For some Pi is 22/7, I remember it as 3.1416. To ten decimal places, it is 3.1415926535 and that is sufficient to give the circumference of the earth to an accuracy of millimetres if the earth were a perfect circle which it is not. Our old white man of the day, who could recite Pi to 707 decimal places, was acclaimed by his peers as the greatest living mathematician. Quote.
Alexander Aitken was the greatest mathematician of his era and possessed an astonishing computational brain that could complete challenges that today are reserved for the most complex computers. As one of the most remarkable mathematical brains of all time, Aitken could multiply two nine digit numbers in his head in 30 seconds, and render fractions to 26 decimal places in under five seconds.[…]
Aitken’s phenomenal skill in mental arithmetic made him the greatest mental calculator for whom there is any reliable record. In psychological tests in Britain in the 1920s he took thirty seconds to multiply 987,654,321 by 123,456,789 and produce the correct answer: 121,932,631,112,635,269. Asked to render the fraction 4/47 as a decimal, he waited four seconds and answered: “Point 08510638297872340425531914 – and that’s as far as I can carry it.”[…]
Aitken’s mathematical work was in statistics, numerical analysis and algebra. In numerical analysis he introduced the idea of accelerating the convergence of a numerical method. He also introduced a method of progressive linear interpolation. In algebra he made contributions to the theory of determinants.
His main mathematical interests were in Actuarial Mathematics, Linear Algebra, Numerical Methods and Statistics. Econometricians have benefited especially from his applications of matrix algebra to problems in numerical analysis, as well as his statistical contributions to the theory of linear models. Dr. David Giles, currently teaching in the Department of Economics at University of Victoria (Canada) writes that, “Every student of Econometrics must be indebted to Alexander Aitken”. Econometricians also use the Generalised Least Squares (“Aitken”) estimator when this model has a nonstandard error covariance matrix.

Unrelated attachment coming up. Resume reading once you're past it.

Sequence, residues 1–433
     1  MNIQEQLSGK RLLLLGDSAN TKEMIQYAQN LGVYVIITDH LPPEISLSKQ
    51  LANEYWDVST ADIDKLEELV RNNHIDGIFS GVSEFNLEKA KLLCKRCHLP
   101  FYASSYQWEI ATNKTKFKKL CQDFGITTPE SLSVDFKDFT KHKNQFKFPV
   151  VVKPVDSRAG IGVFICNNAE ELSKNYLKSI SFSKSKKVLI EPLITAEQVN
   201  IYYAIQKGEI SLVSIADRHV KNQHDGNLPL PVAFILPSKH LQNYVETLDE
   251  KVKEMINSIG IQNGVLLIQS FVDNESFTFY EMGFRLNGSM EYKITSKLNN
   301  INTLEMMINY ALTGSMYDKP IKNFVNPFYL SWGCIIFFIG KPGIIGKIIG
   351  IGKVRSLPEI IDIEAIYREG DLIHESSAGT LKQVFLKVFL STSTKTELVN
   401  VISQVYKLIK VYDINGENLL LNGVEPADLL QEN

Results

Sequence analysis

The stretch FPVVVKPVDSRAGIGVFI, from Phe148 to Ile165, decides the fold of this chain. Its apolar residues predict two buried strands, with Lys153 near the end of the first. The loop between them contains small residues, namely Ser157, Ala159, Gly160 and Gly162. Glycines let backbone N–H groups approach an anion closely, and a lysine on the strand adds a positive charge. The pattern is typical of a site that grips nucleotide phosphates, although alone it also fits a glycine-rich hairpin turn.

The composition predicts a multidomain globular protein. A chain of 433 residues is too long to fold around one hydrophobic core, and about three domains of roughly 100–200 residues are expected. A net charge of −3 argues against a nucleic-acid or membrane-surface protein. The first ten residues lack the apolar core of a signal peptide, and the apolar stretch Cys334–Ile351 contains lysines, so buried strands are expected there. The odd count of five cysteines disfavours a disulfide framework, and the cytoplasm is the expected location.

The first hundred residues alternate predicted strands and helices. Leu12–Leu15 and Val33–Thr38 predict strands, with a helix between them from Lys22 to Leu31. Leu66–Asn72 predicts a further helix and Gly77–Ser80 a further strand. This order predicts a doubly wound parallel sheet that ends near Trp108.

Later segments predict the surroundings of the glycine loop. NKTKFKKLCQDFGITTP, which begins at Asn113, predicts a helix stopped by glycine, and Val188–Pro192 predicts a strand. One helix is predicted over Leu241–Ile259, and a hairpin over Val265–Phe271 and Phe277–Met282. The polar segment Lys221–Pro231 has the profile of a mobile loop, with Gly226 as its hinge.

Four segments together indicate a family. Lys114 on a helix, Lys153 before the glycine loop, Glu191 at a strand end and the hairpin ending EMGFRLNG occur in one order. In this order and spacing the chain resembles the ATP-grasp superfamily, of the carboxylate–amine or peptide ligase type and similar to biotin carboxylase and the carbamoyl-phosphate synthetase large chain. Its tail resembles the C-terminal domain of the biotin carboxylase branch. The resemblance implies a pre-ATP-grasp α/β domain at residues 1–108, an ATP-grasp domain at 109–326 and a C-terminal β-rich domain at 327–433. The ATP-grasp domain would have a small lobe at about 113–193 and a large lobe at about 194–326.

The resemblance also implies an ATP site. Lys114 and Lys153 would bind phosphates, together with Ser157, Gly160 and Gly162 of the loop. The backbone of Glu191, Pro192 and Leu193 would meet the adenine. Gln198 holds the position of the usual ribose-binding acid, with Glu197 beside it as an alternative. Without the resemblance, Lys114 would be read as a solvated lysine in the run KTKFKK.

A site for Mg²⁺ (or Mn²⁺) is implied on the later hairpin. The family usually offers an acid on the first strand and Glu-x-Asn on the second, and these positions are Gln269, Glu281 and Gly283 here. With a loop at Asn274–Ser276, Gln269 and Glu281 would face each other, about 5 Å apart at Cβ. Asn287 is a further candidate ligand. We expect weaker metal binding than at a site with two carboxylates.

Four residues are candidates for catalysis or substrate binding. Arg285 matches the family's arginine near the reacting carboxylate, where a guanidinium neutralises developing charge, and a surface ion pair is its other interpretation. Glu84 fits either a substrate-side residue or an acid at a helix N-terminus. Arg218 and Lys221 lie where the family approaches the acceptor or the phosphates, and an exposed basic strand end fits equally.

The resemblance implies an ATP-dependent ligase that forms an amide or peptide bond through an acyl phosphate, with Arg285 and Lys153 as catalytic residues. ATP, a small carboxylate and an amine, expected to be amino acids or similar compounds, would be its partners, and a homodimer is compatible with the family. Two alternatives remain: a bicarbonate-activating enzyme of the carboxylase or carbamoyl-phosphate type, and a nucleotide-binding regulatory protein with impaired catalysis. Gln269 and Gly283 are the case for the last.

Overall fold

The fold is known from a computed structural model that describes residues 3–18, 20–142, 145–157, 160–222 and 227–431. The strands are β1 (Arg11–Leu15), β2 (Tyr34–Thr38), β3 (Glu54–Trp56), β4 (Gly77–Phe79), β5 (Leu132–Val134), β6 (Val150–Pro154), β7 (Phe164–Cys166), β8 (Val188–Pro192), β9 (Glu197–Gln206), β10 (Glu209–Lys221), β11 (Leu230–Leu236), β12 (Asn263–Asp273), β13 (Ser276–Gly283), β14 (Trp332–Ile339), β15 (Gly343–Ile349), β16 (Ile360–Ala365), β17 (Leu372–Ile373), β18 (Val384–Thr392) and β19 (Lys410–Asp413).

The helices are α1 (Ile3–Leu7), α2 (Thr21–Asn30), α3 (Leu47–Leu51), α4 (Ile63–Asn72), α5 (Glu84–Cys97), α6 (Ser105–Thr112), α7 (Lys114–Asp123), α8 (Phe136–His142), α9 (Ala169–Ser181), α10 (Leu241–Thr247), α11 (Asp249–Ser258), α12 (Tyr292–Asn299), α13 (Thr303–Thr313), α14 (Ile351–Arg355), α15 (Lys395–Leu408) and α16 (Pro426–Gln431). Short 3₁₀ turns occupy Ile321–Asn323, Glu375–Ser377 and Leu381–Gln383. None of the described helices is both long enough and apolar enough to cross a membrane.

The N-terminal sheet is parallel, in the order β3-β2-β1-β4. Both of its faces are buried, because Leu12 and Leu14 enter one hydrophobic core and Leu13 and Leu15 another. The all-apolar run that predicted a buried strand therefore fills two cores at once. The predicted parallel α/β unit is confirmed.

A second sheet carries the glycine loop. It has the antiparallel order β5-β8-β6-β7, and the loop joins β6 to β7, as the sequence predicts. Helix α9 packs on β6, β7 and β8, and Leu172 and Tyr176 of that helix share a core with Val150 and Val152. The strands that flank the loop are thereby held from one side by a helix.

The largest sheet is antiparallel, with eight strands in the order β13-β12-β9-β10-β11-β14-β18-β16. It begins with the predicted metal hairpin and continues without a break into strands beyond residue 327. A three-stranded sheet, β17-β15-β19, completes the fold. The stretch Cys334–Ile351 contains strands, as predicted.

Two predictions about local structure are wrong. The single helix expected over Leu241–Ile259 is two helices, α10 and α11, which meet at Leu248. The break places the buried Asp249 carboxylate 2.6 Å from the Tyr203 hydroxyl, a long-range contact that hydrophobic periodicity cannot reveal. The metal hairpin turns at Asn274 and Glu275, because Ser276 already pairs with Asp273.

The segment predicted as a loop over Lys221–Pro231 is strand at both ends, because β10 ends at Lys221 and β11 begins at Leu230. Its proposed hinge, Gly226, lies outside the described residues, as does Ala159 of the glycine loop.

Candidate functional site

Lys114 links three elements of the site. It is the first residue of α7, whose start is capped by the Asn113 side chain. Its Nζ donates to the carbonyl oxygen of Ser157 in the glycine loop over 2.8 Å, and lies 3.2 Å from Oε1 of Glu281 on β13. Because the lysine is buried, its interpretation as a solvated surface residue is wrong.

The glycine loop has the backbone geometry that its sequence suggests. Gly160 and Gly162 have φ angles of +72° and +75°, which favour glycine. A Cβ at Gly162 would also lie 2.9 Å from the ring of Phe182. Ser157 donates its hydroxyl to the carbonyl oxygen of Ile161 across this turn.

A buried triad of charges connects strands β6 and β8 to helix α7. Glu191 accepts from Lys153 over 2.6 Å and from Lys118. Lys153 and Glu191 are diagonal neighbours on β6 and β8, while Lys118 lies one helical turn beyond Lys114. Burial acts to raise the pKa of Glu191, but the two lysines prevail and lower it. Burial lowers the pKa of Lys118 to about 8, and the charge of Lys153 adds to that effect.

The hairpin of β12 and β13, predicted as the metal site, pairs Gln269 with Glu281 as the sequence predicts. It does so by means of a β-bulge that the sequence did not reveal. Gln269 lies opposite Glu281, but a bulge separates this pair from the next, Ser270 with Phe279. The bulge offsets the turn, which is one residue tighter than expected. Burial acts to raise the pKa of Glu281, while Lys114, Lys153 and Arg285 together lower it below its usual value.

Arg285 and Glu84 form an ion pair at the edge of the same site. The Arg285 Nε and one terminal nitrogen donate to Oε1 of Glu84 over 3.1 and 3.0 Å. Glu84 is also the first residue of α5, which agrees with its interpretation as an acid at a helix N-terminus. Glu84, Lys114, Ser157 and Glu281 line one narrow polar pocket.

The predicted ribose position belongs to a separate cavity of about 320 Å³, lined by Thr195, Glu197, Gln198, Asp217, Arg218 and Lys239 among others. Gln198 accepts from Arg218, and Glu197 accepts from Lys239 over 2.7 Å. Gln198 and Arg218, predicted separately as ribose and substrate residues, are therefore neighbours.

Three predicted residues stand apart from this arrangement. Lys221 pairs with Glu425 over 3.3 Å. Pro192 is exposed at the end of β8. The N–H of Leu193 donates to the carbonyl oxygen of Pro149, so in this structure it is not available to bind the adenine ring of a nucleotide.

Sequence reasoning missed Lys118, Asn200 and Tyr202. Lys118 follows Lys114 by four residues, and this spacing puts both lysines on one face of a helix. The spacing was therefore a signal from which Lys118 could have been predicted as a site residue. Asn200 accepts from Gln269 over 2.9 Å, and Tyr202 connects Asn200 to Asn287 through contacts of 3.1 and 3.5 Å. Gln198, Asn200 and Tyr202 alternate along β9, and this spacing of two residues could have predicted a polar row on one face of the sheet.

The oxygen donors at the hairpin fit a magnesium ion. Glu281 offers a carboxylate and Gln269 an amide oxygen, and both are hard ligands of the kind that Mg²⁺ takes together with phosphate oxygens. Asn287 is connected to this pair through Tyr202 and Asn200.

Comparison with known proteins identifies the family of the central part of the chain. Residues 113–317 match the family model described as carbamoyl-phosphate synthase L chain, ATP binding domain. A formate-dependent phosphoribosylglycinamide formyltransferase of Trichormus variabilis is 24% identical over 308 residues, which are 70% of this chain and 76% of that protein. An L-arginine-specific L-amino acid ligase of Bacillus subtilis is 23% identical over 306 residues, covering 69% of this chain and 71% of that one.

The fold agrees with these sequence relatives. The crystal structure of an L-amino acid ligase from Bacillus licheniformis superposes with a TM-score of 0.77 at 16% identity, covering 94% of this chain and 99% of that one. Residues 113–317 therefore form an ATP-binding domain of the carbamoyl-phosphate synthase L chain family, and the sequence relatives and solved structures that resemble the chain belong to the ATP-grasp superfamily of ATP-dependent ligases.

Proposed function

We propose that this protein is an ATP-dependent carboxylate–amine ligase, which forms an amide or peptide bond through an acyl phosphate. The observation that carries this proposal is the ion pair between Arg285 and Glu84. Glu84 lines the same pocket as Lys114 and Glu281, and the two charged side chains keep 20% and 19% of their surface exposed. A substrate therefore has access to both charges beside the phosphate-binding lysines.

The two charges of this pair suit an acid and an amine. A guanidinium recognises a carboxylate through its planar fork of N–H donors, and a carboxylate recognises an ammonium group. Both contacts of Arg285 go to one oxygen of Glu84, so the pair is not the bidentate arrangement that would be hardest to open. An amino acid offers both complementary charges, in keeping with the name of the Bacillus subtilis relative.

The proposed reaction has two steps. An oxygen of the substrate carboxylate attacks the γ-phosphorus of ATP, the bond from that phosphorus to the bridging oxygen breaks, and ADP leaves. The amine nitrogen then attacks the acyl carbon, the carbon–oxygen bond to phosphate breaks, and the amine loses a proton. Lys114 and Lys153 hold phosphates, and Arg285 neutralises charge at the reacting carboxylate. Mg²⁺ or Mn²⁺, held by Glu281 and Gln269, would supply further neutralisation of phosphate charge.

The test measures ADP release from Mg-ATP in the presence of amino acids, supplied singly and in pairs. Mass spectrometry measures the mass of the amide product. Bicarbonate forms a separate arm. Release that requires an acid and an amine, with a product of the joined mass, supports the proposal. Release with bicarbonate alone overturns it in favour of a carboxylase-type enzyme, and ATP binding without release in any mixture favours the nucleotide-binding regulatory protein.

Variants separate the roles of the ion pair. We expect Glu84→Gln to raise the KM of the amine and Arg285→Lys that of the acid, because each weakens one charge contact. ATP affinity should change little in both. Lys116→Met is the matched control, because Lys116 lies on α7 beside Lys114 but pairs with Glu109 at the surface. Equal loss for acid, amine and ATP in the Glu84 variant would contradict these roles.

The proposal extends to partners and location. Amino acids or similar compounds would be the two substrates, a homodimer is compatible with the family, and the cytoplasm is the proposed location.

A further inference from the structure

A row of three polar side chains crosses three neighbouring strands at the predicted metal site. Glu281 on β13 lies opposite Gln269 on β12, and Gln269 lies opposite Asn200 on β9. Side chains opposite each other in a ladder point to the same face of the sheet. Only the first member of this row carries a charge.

He published on such topics as symmetric groups, invariants, the solution of linear and polynomial equations, eigenvalue problems, and computational algorithms. The statistics paper “On the Estimation of Statistical Parameters” (coauthored with H.C. Silverstone, 1942) has been most influential and his books, “Determinants and Matrices”, and “Canonical Matrices” (with H.W. Turnbull) are classics in their field.
Aitken was born in Dunedin, New Zealand on 1 April, 1895, and attended Otago Boys’ High School from 1908 to 1912. He was not a child prodigy: arithmetic bored him and he did badly in it at school until he was nearly 14 years old. Then he experienced some sort of numeric epiphany, during a mathematical lesson by a good teacher at Otago Boys. After that, the whole subject came into focus and he became absorbed by figures.
Aitken wrote:
“Only at the age of 15 did I feel that I might develop a real power and for some years about that time, without telling anyone, I practised mental calculation from memory like a Brahmin Yogi, a little extra here, a little extra there, until gradually what had been difficult at first became easier and easier.”
He had the distinction of gaining first place in the nationwide University Scholarship Examination of 1912.